FL teachers’ unions sue over Gov. DeSantis for takeover of dues-paying process
‘The governor is using this legislation to retaliate against his critics,’ FEA leader says
Classroom. Credit: Pixabay.
Teachers’ unions have filed a federal lawsuit targeting a new Florida law that bars public employee unions from collecting dues via payroll deductions, calling it “a naked effort to curtail the constitutional rights of those public unions that have crossed Gov. DeSantis.”
The unions filed their complaint Tuesday — the day Gov. Ron DeSantis signed the bill into law — in the U.S. District Court for the Northern District of Florida.
The 36-page document argues that the law splits public-sector units into two, unequal classes: “favored unions” that support the governor’s policies, including police, firefighters, and corrections officers; and “disfavored unions,” such as the teachers, that have resisted DeSantis’s effort to limit classroom discussions of LGBTQ+ people and American history, among other conflicts.
“SB 256 [the law at issue] is a naked effort to curtail the constitutional rights of those public unions that have crossed Gov. DeSantis. Gov. DeSantis has attacked education-employee unions in particular as ‘pernicious’ and ‘partisan.’ And in promoting SB 256, Gov. DeSantis made clear that the purpose of the ban on disfavored unions’ collection of voluntary membership dues via employee-authorized payroll deductions was ‘to make sure the school unions are not getting any of that money,’” according to the lawsuit.
The complaint asserts violations of the First and Fourteenth amendments and the U.S. Constitution’s contracts clause, which bars states from “impairing the obligation of contracts” — in this instance, unions’ collective bargaining agreements with school districts.
The Walt Disney Co. raised similar complaints in its own federal challenge to the state’s closing of the Reedy Creek Improvement District, which allowed the company to run its own government in Central Florida, after the company’s president criticized DeSantis’s anti-LGBTQ+ policies.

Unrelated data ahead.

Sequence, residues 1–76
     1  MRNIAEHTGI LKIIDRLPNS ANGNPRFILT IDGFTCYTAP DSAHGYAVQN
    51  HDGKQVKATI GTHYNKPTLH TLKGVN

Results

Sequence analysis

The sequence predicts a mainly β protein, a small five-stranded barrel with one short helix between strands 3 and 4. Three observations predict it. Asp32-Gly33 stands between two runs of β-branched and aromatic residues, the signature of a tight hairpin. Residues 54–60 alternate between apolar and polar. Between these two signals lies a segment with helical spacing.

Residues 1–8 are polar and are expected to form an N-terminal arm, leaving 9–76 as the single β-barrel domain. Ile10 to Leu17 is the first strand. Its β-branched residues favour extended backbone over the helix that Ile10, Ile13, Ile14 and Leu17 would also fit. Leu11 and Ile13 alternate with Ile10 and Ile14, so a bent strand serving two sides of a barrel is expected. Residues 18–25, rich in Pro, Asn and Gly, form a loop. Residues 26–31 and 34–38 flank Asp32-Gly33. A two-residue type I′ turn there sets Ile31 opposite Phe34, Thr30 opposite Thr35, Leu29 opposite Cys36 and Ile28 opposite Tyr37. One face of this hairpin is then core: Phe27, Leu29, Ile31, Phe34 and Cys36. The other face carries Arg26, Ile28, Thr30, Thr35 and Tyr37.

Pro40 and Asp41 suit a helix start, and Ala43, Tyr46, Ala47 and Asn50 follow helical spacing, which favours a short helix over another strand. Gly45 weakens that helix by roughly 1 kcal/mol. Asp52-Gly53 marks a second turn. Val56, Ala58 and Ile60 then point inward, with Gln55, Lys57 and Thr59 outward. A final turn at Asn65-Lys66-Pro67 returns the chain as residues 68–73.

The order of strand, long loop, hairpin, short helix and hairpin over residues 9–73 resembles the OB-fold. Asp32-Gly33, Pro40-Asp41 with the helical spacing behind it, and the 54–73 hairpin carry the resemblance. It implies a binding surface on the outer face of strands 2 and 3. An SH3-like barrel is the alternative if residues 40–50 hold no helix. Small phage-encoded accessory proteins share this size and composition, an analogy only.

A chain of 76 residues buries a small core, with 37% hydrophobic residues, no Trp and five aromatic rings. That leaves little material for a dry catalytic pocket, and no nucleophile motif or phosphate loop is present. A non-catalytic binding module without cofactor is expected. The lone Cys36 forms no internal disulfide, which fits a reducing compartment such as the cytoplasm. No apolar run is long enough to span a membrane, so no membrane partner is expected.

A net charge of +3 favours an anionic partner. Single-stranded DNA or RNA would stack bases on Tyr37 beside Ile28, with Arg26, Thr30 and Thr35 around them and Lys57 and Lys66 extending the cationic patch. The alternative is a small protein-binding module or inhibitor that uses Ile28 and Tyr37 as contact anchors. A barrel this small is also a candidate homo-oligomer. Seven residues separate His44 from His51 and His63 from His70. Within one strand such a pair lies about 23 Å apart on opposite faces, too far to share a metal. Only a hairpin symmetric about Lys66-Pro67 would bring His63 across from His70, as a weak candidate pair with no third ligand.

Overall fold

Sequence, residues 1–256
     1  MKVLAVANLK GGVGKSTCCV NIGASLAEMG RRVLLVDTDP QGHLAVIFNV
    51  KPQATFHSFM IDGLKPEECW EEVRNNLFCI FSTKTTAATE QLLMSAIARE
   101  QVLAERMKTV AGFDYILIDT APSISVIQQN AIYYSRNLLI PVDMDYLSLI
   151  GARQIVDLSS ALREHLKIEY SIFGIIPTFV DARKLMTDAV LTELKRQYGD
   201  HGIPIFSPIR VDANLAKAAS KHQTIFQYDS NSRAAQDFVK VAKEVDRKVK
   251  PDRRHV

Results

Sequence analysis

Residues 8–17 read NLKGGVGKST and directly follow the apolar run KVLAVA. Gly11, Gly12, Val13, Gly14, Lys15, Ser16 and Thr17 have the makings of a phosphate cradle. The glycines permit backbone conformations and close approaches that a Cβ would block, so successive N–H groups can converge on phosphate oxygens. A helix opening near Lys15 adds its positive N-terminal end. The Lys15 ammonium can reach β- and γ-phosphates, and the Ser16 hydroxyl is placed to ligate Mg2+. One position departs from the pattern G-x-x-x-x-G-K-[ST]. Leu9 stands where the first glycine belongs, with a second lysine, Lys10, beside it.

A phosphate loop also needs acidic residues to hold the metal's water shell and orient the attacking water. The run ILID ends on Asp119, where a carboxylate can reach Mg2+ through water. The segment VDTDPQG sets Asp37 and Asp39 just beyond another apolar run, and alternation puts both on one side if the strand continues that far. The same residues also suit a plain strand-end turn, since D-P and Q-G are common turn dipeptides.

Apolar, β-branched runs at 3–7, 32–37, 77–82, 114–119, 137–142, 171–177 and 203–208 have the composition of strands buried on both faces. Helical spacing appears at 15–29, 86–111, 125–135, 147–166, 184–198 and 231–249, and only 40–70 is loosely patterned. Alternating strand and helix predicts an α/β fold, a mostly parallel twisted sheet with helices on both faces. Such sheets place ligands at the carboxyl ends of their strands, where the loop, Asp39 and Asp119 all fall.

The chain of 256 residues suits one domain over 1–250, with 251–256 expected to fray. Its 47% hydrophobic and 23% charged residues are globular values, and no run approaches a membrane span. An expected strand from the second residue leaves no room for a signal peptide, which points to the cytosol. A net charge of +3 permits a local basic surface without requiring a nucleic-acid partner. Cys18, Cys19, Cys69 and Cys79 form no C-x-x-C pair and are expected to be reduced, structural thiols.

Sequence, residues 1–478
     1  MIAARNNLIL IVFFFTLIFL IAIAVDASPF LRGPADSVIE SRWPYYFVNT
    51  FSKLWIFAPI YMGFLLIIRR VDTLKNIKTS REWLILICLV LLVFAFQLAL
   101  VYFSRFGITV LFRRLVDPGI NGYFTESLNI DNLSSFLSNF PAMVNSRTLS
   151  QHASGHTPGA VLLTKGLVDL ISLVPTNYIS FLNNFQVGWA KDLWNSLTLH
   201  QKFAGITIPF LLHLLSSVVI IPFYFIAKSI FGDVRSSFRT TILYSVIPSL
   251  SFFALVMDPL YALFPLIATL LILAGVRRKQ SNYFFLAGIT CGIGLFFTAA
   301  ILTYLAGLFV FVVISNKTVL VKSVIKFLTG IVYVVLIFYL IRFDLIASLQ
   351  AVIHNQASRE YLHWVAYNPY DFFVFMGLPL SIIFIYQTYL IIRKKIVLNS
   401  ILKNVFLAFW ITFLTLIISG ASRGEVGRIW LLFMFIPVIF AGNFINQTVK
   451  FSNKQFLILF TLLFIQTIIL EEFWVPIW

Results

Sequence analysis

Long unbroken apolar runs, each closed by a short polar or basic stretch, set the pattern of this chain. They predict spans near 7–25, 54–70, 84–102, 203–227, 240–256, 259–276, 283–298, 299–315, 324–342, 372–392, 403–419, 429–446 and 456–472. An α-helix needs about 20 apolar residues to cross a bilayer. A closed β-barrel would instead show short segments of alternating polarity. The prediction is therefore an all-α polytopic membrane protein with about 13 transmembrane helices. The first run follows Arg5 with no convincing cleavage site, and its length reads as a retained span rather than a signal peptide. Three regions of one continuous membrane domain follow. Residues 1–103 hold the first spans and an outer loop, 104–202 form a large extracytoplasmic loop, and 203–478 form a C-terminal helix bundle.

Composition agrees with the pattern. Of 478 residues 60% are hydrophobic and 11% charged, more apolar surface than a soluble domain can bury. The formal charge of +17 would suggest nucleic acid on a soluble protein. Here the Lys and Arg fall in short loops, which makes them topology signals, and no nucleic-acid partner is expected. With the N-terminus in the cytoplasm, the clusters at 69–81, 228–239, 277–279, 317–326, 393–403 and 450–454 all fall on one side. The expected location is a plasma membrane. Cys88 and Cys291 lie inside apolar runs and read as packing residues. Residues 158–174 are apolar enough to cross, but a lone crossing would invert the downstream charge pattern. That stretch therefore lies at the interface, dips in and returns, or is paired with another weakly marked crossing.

‘Unconstitutional on its face’
The law also provides for the decertification of unions that fail to attract 60% membership within bargaining units.
“This law is unconstitutional on its face, irrespective of any bad motive on the part of the governor. However, we do believe there are bad motives,” Andrew Spar, president of the Florida Education Association, said during a Zoom news conference.
“The governor is using this legislation to retaliate against his critics — very similar to what we’ve seen in the attacks on Disney, as well. The law violates our right to free speech and to association under the First Amendment of the United States Constitution as well as equal-protection laws under the Fourteenth Amendment of the United States Constitution,” he continued.
“It further diminishes our contractual rights by impeding valid, biding, active contracts with our universities and with our public school districts across the state of Florida that have been bargained for and secured under collective bargaining agreements.”